Exchange Key Concepts

Integration with Windows 2000 Server

Exchange 2000 makes use of Microsoft Windows 2000 Server technology in five key ways:

Active Directory

You can use Active Directory as a single-source directory for all of the objects in your organization, such as users and printers. With Active Directory, you can store and organize information about user accounts, such as names, passwords, and phone numbers. You can also extend the Active Directory schema to include custom attributes and object types to centralize and minimize your data administration, as well as make that data available to applications that can access Active Directory information.

In addition to storing Windows 2000 user account information, you can also store Exchange configuration and user messaging information. Because Exchange 2000 uses Active Directory, all of the directory information you create and maintain in Windows 2000, such as organization unit structure and groups, can also be used from Exchange, rather than maintaining separate directories for each.

If your messaging topology contains both Exchange 2000 and previous versions of Exchange, you can use Active Directory Connector to replicate directory information between the Exchange directory and Active Directory. This allows you to take advantage of Active Directory while still supporting your existing Exchange infrastructure.

Microsoft Management Console

Windows 2000 Server includes the Microsoft Management Console (MMC). MMC is a user interface framework that you use to administer both the operating system and other Microsoft server applications in your enterprise. MMC contains snap-ins, such as the Exchange System Manager snap-in, that control a specific set of functions within the operating system or an application.

Although previous versions of Exchange had their own separate administrator program, you administer Exchange 2000 through the MMC. Most Exchange functions are administered through the System Manager snap-in, enabling you to use a single console for managing different servers.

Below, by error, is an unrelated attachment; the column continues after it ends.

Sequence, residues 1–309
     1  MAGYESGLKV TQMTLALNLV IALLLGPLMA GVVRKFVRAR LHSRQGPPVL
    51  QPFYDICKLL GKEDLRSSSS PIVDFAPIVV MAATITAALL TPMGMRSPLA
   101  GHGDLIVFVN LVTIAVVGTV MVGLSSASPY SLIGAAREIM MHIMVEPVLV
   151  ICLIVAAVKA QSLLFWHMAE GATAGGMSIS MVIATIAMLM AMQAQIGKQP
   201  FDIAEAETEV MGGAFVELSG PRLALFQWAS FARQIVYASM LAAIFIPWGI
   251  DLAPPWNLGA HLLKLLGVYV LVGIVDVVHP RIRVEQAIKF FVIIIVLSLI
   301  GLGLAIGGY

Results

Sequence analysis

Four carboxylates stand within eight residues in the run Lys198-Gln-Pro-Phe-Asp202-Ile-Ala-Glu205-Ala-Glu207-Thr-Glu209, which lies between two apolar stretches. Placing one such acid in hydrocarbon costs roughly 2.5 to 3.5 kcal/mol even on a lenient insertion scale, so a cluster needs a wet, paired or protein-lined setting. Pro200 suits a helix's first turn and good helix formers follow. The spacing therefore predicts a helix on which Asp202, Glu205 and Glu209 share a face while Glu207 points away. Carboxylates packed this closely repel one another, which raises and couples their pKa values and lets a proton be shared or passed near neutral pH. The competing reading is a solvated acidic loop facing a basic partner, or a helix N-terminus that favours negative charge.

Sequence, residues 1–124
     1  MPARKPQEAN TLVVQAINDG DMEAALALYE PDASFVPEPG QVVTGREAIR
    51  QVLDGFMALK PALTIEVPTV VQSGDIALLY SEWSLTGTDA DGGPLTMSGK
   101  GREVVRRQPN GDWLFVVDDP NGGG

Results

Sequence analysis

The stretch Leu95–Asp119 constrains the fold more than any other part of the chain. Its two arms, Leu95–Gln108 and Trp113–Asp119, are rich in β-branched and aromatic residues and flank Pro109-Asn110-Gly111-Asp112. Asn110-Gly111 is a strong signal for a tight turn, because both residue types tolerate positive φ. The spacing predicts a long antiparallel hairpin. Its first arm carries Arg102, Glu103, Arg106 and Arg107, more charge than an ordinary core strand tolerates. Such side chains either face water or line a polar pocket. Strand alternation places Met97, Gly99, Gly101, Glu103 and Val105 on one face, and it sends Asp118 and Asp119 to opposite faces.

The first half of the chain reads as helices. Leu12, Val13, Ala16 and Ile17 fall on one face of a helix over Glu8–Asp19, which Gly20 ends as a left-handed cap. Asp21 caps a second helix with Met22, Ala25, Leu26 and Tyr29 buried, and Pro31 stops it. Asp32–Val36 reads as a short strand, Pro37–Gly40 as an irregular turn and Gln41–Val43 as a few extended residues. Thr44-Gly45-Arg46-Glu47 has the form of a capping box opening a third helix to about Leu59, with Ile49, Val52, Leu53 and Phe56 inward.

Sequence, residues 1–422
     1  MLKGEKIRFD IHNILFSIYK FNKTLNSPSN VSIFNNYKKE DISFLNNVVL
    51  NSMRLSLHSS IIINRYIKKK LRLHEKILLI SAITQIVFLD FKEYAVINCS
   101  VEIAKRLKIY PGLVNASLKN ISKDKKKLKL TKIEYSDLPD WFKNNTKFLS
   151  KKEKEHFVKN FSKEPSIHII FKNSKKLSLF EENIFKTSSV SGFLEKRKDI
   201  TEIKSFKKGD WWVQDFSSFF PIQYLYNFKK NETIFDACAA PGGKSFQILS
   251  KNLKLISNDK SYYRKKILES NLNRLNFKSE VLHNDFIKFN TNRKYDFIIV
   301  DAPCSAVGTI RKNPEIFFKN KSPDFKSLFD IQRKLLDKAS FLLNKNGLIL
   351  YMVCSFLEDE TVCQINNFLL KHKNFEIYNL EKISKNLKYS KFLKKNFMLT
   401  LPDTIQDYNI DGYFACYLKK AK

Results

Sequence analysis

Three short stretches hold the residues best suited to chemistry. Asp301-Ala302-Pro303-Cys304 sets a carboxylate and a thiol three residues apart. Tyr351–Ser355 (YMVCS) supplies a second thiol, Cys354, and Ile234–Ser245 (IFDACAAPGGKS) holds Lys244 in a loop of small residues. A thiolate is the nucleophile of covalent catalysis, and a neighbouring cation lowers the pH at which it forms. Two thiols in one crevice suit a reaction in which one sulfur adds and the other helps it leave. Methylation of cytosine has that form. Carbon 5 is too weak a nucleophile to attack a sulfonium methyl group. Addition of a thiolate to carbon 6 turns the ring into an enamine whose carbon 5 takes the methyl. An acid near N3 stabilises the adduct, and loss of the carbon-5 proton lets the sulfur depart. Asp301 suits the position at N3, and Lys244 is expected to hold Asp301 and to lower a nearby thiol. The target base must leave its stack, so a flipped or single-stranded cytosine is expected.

To find specific information about which snap-in to use for a particular function, see the online documentation for that function. For more information about how to use MMC, see the Windows 2000 MMC documentation.

Integrated Transport Protocols

Windows 2000 Server has integrated support for many of the most common industry standard transport protocols using Internet Information Services (IIS). Once you install Exchange, all of the Exchange-supported protocols, except HTTP, are administered from Exchange, rather than from IIS. Exchange supports the following protocols:

Domain Name System

Exchange requires that Domain Name System (DNS) be running in the forest where your Exchange server is installed. Exchange uses DNS in many ways, including enhancing security, resolving names for non-local message delivery, masking IP addresses, and performing reverse DNS lookups.

Windows 2000 Network Infrastructure

Because Exchange 2000 makes use of your Windows 2000 network structure, your Windows 2000 topology planning should consider placement of the global catalog and how that placement will effect Exchange sites. Ultimately, your Exchange infrastructure topology could mirror your Windows 2000 topology.

Related Topics

Managing Active Directory Connector

Messaging Clients